Pop literature and nick hornby
Published on: Mar 4, 2016
Transcripts - Pop literature and nick hornby
About Pop Literature
In the realm of pop music, pop literature
could be something like rock – with its
sweat and guitars solos.
It has to do with western media and
It absorbs all knowledge related to
popular culture. It’s about being young
in our wealthy society.
It basically elucidates on problems about
the post-modern era.
It’s the literature for people between
1966 and 1980.
About a Boy
About a Boy, published in 1998, is a story
about growing up.
Nick Hornby: The man
Nick Hornby was born in 1957. He studied at
Cambridge University and became a teacher.
He has also been writing for The Sunday Times
and The Independent and respected magazines.
His highly successful first novel Fever Pitch
allowed him to make writing his main profession
in the early 1990s.
Marcus is a twelve-year-old boy who has just moved
to London together with his mother Fiona.
His parents have split up and he suffers from the
fact that his mum does not look after him in the
way he deems necessary. She does not, for
instance, buy him the right clothes, which makes
him look stupid at school. As he is also a rather shy
person and sometimes behaves in strange ways he
is an easy target for his schoolmates. Things get
worse when his mum, who suffers from depression,
tries to kill herself. He experiences "the twin
disasters of school and home".
Marcus’ and Fiona’s story is complemented by Will’s
story. Will is a man in his thirties, who lives on his
own and who doesn’t really do very much at all: his
father wrote the Christmas super hit "Santa’s Super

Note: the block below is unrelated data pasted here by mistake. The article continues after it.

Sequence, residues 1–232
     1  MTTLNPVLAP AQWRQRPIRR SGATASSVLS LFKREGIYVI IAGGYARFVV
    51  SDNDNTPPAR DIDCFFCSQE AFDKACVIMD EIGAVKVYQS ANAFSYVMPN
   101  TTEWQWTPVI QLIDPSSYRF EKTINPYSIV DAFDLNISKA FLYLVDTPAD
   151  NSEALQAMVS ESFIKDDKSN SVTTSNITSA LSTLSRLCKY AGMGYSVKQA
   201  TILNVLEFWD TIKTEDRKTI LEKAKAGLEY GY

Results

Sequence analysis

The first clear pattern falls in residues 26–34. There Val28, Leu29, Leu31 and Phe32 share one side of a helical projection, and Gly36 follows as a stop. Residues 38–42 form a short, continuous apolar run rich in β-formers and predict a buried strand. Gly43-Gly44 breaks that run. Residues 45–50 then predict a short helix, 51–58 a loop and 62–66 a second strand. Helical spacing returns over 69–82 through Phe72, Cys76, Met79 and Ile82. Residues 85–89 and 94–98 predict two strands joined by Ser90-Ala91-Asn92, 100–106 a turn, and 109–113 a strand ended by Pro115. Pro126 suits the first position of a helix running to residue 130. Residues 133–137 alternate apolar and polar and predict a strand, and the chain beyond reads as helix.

Sleigh" many years ago, and the annual royalty check
for this song pays all bills for Will.
Although Will is a unworried, sometimes even
arrogant man he feels that he is rather useless. He
has the occasional fling with various women but has no
intention of entering a long-lasting relationship. When
he notices that single women of his age become less
easily available as they marry and have children he
decides to change his strategy: "he had found the
ideal solution to this unexpected dearth of prey. He
had invented a two-year-old son called Ned and joined
a single parents’ group". The group is called SPAT –
Single Parents Alone Together.
Fiona’s best friend Suzie is also a
member of this group and in the course
of things Will meets Suzie and Fiona
and eventually Marcus. And of course
his pretentious fake is discovered after
a little while. Now he has to face
reality: he has become friend with
Marcus and Marcus does not worry
much about whether or not Will really
has a son.
The challenging aspect of this single mother, son-
without-dad, man-who-invents-his-own-son story is that
Marcus and Will both do not act their age.
Will is childishly selfish and refuses to accept any kind
Marcus, in turn, has been challenged by his family life
more than a twelve-year-old can normally bear and feels
responsible for his mum and for himself.
Like his mother he is a vegetarian and listens to the
music of Joni Mitchell and Bob Marley and he has been
taught to reject all things superficial.
In the story Will and Marcus slowly start to learn from
each other: Will reluctantly accepts a certain kind of
responsibility for Marcus, and Marcus learns to dress and
behave more like a teenager (Will even buys him clothes
that Fiona could not afford to buy).
Nick Hornby’s novel have recurrent themes:
boys who grow up to become young men,
football fans, obsessed rock fans, and last but
not least disrupted family life in modern
In About a Boy single parents finally move
from a marginal role in the plot into the
centre of the novel. The routine of family life,
the problems between parents who have split
up and the childhood memories that Nick
Hornby’s characters carry with them into
their adulthood are important ingredients to
However, Hornby is not saying that if there
were happy and married couples in all the
families everything would be fine. In About a
Boy it becomes clear that Marcus‘ inability to
behave like a twelve-year-old is a bigger
problem than just the lack of a father: "Fiona
had given him the idea that Marcus was after
a father figure, someone to guide him gently